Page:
Sounds interesting. I'm not going to enter, though: too many kettles on the stove, for one thing.

Atomic Science Set

"The Ultimate Science Kit"
Retro Thing (March 24, 2009)

"From Oak Ridge Associated Universities: 'This was the most elaborate Atomic Energy educational set ever produced, but it was only only available from 1951 to 1952. Its relatively high price for the time ($50.00) and its sophistication were the explanation Gilbert gave for the set's short lifespan...."

There's a photo of the set. These days, the vice president who came up with an idea like this might be back in the mail room before the hazmat team was through with his/her office. American society today is much more 'safety conscious,' or 'risk-averse,' depending on how you see things, than we were in the early fifties.

It's a wonderful look at another age, when people didn't 'know' that killer bees make nuclear reactors blow up. I'm not making that up: "The Swarm," 1978, was touted as a warning of the perils of nuclear power. In the movie, a swarm of killer bees made a reactor explode. In a matter of seconds. I saw the movie not too long after its release. The TV Tropes wiki is quite accurate.

I'm just glad that it's still possible for collectors to buy and sell things like The Ultimate Science Kit.

Maybe, someday, the powers that be in America will be willing to allow a bit less cotton batting around our lives.

So That's Why We Doodle

"A Sketchy Brain Booster: Doodling"
Wired Science (February 26, 2009)

"Good news, doodlers: What your colleagues consider a distracting, time-wasting habit may actually give you a leg up on them by helping you pay attention.

"Asked to remember names they'd heard on a recording, people who doodled while listening had better recall than those who didn't. This suggests that a slightly distracting secondary task may actually improve concentration during the performance of dull tasks that would otherwise cause a mind to wander...."

Makes sense to me: and there's some data to back up the assertions.

I've been known to doodle: not extensively, and not 'artistically' - but now that I think about it: I tended to doodle in classes where the lectures were not quite riveting.

Amazing, what we're finding out about how the brain works.

Sunday, March 29, 2009

Red River Valley of the North Flood, 2009: March 29: News Added As I find It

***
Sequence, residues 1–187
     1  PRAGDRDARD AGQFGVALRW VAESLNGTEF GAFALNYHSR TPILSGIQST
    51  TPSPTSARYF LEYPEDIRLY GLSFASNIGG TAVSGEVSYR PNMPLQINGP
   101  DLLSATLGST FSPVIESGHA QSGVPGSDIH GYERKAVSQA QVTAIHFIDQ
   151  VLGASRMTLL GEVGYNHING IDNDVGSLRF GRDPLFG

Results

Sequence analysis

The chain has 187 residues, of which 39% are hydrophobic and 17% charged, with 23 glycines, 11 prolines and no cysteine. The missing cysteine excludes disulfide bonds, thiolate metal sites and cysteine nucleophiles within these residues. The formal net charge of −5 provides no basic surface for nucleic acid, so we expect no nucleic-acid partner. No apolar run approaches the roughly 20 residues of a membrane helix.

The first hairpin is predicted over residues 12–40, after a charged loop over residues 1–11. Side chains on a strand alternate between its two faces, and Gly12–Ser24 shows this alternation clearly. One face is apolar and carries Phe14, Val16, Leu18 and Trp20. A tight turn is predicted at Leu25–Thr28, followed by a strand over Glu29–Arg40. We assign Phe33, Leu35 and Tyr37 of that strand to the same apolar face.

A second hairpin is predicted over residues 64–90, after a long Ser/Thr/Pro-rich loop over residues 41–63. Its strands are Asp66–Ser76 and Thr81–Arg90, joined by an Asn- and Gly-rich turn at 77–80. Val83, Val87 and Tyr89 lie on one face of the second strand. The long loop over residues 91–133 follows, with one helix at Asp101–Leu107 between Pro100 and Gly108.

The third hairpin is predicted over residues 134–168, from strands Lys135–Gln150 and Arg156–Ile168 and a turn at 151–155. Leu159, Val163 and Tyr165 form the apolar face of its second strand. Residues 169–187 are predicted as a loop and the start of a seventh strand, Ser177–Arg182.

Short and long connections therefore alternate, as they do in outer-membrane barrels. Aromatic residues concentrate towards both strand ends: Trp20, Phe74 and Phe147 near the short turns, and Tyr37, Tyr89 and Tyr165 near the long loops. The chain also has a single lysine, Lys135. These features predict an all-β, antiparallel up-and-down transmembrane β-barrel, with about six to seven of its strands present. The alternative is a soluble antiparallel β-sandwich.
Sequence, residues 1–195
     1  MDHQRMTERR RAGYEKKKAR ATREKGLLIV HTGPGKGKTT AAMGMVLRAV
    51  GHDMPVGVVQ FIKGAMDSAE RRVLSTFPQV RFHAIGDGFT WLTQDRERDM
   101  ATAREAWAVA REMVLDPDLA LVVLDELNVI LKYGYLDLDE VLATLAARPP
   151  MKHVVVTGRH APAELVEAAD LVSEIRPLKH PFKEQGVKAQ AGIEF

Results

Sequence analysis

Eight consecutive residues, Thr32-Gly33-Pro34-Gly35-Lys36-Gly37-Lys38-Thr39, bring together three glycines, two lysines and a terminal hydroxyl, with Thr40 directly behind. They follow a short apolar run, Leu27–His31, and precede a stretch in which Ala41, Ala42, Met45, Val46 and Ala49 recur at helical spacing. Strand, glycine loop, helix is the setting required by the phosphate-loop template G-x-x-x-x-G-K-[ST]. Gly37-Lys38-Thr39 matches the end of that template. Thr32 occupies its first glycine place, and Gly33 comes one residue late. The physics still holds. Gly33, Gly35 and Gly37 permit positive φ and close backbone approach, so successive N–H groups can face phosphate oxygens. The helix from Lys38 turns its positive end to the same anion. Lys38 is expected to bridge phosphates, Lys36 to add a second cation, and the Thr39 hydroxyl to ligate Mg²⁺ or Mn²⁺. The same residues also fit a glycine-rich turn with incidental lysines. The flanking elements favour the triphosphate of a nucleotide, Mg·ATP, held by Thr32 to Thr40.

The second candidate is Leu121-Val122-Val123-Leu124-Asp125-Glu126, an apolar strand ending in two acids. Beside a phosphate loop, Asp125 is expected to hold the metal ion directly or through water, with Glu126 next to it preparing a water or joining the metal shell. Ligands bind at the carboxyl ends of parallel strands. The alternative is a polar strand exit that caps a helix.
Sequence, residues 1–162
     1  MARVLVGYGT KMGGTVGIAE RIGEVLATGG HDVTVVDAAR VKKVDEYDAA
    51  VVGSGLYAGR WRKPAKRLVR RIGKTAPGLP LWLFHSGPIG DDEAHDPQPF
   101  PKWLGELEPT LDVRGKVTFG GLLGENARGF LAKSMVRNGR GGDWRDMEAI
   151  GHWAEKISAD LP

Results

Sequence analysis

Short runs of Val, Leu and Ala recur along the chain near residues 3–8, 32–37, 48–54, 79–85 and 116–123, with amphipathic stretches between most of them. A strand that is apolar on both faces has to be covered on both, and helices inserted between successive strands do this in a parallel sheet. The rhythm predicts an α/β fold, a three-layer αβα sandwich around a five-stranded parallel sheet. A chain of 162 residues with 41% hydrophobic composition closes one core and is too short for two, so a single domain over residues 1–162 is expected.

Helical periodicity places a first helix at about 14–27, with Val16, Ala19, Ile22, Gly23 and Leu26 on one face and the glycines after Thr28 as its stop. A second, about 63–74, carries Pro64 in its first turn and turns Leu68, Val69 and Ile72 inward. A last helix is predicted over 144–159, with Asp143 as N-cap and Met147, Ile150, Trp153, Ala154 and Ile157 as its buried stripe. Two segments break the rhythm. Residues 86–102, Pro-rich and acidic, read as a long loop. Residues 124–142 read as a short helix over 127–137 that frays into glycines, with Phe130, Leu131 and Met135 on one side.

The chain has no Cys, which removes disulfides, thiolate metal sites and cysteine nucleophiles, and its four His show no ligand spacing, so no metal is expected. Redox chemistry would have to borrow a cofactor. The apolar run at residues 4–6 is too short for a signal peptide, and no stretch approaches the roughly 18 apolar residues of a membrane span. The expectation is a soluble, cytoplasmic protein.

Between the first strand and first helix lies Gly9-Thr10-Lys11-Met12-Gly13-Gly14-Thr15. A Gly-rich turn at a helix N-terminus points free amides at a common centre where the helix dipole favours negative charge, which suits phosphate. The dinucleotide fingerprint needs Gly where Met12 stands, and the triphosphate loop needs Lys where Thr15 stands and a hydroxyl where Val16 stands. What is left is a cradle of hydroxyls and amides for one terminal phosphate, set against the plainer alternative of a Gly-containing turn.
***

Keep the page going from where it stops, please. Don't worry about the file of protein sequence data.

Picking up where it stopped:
4:25 p.m.

Let the Lawsuits Begin

"Recriminations bubble to surface as Fargo, N.D., faces massive flooding"
Winnipeg Free Press, via Canada.com (March 29, 2009) (4 hours ago)

"EMBARGO: No web, no TVuntil 7 a.m. ET. Saturday.

"Winnipeg Free Press

"FARGO, N.D. - John Clement has seen the river rise and fall for more than a half century from his tiny home in Oak Grove, one of this city's oldest neighbourhoods.

"And if Clement knows anything, it is that every spring, the Red River is going to come knocking on the back door of his home and those of his neighbours.

" 'It's going to keep happening, the flooding,' Clement said as he watched a beehive of volunteers shore up a sandbag dike behind his home.

" 'Fargo is just plain flat. Really, nobody should live here.'..."

With respect to Mr. Clement, Fargo is flat, compared to, say, San Francisco, but it's not perfectly flat. That's why some neighborhoods are at high risk, others less so. Still, he's got a point. An AP story, released about 2 hours ago, tells about flood insurance - and how many householders don't have it. The AP's take is that it's a matter of economics ($800 a year is serious money for most Americans), and the 'it can't happen here' feeling.

Back in 1997, I remember people talking about relatively new neighborhoods that had been built in flood plains. During dry periods.

There are going to be a lot of sad people in the Red River Valley of the North, what with:
  • The damage that'll be found, once the water goes north
  • Metorologists who weren't exactly right in prognosticating flood levels
  • City administrators who neither
    • Parted the waters
    • Nor raised levees beyond the last house
I'll be mildly surprised, if somebody doesn't sue somebody else. It's a sort of American tradition.
It's Different, When It's Your House